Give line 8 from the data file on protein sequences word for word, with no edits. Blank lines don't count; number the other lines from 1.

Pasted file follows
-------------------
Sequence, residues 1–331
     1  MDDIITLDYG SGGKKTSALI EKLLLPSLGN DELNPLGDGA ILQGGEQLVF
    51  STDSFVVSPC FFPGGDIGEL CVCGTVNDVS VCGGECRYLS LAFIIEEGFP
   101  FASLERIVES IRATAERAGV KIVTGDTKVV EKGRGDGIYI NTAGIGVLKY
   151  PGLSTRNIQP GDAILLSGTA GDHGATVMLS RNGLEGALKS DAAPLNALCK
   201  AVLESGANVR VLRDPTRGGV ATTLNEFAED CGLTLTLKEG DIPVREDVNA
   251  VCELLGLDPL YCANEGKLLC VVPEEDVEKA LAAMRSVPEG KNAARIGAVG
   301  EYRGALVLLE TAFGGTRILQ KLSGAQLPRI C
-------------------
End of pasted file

   301  EYRGALVLLE TAFGGTRILQ KLSGAQLPRI C